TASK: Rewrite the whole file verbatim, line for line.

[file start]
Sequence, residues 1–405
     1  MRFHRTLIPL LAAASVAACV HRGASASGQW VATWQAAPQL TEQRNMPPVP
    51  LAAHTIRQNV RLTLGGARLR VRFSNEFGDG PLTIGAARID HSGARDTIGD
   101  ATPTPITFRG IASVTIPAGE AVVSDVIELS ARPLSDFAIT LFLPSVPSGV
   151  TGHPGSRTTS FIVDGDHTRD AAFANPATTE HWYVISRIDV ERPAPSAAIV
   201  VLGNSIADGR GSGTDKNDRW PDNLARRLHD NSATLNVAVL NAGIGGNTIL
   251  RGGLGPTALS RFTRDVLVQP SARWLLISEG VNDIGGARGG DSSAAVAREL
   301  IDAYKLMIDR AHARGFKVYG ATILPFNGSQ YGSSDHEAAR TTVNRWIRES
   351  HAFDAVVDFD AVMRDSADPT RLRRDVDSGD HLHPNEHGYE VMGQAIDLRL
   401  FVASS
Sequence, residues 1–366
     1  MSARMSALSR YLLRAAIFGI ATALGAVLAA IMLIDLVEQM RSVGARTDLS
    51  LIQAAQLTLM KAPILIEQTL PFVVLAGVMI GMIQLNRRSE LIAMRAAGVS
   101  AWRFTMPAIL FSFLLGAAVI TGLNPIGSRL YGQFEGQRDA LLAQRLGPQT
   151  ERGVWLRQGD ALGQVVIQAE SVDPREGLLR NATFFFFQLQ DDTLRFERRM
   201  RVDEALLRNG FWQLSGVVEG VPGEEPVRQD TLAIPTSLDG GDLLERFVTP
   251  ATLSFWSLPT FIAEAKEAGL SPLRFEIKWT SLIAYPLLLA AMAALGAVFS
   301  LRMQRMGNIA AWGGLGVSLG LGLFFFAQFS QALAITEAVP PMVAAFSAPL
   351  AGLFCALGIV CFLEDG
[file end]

Sequence, residues 1–405
     1  MRFHRTLIPL LAAASVAACV HRGASASGQW VATWQAAPQL TEQRNMPPVP
    51  LAAHTIRQNV RLTLGGARLR VRFSNEFGDG PLTIGAARID HSGARDTIGD
   101  ATPTPITFRG IASVTIPAGE AVVSDVIELS ARPLSDFAIT LFLPSVPSGV
   151  TGHPGSRTTS FIVDGDHTRD AAFANPATTE HWYVISRIDV ERPAPSAAIV
   201  VLGNSIADGR GSGTDKNDRW PDNLARRLHD NSATLNVAVL NAGIGGNTIL
   251  RGGLGPTALS RFTRDVLVQP SARWLLISEG VNDIGGARGG DSSAAVAREL
   301  IDAYKLMIDR AHARGFKVYG ATILPFNGSQ YGSSDHEAAR TTVNRWIRES
   351  HAFDAVVDFD AVMRDSADPT RLRRDVDSGD HLHPNEHGYE VMGQAIDLRL
   401  FVASS
Sequence, residues 1–366
     1  MSARMSALSR YLLRAAIFGI ATALGAVLAA IMLIDLVEQM RSVGARTDLS
    51  LIQAAQLTLM KAPILIEQTL PFVVLAGVMI GMIQLNRRSE LIAMRAAGVS
   101  AWRFTMPAIL FSFLLGAAVI TGLNPIGSRL YGQFEGQRDA LLAQRLGPQT
   151  ERGVWLRQGD ALGQVVIQAE SVDPREGLLR NATFFFFQLQ DDTLRFERRM
   201  RVDEALLRNG FWQLSGVVEG VPGEEPVRQD TLAIPTSLDG GDLLERFVTP
   251  ATLSFWSLPT FIAEAKEAGL SPLRFEIKWT SLIAYPLLLA AMAALGAVFS
   301  LRMQRMGNIA AWGGLGVSLG LGLFFFAQFS QALAITEAVP PMVAAFSAPL
   351  AGLFCALGIV CFLEDG